Finally anchored and sent son-in-law ashore in dinghy to a bar we could see. He radioded back that he got in touch with Marsh harbor Boat Yard and they had the correct impeller and he had arranged a ride with some guy who was going to the airport in exchange for paying for gas. 4 hours later, right at dark, he got back with new impeller and gasket after riding in the typical bahamian truck that broke down every 5 minutes.
I put in the new impeller but the gasket was not as thick as the old one and the screws wouldnt tighten enough so I had to find some washers somewhwre to use but it worked.
While he was gone, I invented 4 ways to make an emergency water pump,
1. Route the bilge pump exhaust thru the heat exchanger, I didnt like this cuz it made the bilge pump run continuously.
2. Gravity feed water from a water jug and water hose connected to raw water pump outlet. This sorta worked but involved someone standing on the cabin top to get sufficient head pressure.
3. Water hose connected to water pump outlet and other end stuffed into a water jug using duct tape wrapped round it to get a seal. Squeezing the jug provided pressure feed. This required having several water jugs ready and filled with salt water and someone filling the empties.
4. Cut the almost broken vanes off the impeller. Drive a screw thru the rubber into the plastic part that fits on the housing shaft to keep it from spinning on the shaft. Running at low speed it could pump.
Fortunately, the impeller was available and we didnt have to try my methods.
Once we got it on, the next day, we ran the engine all out and got an average of 6 kts for 12 hours to go from Fox Town to West End, a distance of 75 miles in 12 hours, a record for Ragtime.
Even with the washers, the gasket was leaking and we had to pump the bilge every half hour. My NEW bilge pump suddenly failed WTF? Fortunately, I have a manual bilge pump that we used. Turns out the NEW bilge pump had been wired in with regular untinned wire that had turned to a corroded mess. I happed to have some good tinned wire I used to solve that problem the next day.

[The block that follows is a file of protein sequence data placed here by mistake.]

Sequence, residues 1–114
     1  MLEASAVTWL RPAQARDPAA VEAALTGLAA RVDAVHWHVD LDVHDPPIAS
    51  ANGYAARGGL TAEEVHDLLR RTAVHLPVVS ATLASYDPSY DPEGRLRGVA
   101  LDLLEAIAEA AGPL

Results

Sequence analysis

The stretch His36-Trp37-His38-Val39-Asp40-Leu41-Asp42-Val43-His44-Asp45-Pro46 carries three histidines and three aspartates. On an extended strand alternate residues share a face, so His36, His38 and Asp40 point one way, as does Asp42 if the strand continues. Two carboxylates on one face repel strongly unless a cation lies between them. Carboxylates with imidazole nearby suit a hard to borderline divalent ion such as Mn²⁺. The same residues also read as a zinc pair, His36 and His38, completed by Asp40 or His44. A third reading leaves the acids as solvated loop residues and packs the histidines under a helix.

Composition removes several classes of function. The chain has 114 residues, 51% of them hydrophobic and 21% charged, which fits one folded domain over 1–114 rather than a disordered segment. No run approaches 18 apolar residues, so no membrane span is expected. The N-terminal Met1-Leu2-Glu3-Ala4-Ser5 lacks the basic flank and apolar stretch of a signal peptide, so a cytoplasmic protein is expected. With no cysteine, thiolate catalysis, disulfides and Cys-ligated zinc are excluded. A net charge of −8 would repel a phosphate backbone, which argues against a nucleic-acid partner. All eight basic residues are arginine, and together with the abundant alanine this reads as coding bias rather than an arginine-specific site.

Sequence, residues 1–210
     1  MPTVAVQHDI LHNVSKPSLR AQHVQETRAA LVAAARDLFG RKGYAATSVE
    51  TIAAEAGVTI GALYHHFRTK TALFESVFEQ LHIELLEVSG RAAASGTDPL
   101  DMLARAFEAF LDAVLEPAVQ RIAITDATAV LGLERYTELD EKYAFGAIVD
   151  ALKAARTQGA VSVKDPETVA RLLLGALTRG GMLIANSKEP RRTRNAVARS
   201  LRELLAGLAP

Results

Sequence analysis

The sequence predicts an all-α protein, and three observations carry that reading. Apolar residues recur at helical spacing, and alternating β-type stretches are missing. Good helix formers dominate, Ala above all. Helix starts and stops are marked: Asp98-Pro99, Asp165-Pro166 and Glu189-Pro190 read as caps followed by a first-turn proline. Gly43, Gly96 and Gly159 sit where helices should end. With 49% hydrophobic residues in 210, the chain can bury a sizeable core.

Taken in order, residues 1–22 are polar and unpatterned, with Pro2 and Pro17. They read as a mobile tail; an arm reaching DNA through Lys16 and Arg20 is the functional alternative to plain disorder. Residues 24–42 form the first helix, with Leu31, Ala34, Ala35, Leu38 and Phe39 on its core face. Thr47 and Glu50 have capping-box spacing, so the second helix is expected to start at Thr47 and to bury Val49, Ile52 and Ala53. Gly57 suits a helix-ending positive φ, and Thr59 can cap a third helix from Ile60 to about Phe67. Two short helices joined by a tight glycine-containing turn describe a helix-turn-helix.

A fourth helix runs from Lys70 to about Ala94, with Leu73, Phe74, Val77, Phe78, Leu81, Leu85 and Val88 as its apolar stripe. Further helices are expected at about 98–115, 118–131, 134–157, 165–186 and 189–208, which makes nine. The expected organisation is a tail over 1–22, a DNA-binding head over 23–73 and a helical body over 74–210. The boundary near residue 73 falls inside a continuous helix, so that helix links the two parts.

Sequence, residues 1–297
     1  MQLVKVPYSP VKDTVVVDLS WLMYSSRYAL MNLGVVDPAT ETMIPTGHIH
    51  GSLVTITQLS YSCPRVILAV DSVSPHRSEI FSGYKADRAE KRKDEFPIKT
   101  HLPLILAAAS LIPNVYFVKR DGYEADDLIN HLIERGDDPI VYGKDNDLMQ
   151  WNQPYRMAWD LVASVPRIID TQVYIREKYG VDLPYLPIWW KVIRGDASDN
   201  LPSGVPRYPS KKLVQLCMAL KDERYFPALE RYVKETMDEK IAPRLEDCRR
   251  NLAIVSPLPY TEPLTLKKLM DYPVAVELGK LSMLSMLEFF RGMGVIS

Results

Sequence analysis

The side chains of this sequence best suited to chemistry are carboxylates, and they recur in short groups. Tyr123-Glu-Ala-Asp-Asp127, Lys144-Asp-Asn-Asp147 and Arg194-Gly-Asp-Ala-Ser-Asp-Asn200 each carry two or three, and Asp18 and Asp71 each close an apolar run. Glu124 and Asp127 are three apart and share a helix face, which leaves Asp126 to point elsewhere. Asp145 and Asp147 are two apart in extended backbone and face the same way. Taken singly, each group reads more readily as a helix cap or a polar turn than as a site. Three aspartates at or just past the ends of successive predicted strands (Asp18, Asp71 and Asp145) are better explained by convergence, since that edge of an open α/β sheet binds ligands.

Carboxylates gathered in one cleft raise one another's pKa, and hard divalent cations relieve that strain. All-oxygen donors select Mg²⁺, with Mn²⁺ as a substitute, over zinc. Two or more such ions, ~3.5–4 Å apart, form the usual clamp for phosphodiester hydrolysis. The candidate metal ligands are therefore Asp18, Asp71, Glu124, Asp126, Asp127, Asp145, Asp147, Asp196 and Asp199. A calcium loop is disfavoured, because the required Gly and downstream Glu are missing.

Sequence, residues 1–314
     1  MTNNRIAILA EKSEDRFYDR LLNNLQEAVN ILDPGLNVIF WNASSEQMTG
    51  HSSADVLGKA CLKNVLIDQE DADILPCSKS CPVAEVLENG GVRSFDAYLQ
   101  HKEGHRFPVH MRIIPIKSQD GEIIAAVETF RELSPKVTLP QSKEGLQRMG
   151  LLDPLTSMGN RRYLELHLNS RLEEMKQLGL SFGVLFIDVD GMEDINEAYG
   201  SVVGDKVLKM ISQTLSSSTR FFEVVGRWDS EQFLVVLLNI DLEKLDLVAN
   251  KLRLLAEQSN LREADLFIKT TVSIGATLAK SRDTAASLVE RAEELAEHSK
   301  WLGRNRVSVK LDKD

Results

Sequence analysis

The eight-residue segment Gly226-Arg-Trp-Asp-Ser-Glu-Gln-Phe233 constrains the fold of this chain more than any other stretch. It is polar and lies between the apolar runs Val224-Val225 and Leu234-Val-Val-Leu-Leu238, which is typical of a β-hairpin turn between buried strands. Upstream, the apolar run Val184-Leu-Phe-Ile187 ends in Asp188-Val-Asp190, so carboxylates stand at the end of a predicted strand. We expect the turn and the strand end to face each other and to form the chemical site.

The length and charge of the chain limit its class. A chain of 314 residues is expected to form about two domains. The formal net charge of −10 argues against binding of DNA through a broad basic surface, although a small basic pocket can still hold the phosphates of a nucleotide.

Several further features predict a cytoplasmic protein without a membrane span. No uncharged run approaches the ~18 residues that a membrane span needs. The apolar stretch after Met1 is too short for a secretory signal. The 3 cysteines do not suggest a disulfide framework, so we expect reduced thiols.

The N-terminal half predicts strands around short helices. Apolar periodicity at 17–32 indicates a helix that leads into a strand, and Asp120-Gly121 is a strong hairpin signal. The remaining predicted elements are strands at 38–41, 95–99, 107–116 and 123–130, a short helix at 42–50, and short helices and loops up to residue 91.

On leaving West End this past Thursday morning for West Palm, the engine ran for 3 hours at 6 kts but suddenly we got a new type of engine alarm I couldnt identify. It didn't seem to be cooling but the engine was definitely running slower, WTF? By the time we got into West Palm after 11 hours, we were going only 4 kts and NO WIND. NEW Batteries were DEAD. It was alternator failure. Engine was running on only the mechanical fuel pump instead of the electrical one that provides more fuel. Yes, it is the original 1981 alternator.
I had bought backups of every part I thought I would need. extra belts, filters, extra fuel but its always the thing you don't have.
Having a boat sit in the Bahamas for 4 years where you cannot work on it ages it very rapidly because you dont fix things one by one as they fail, consequently, we say 4 years worth of failure in our trip. It wasn't till the last day (the crossing) when I finally managed to get the auto-pilot working again. The old plugs had simply become too corroded in the salt air to allow ti to work and I just twisted the wires together. The autopilot kept my sanity intact.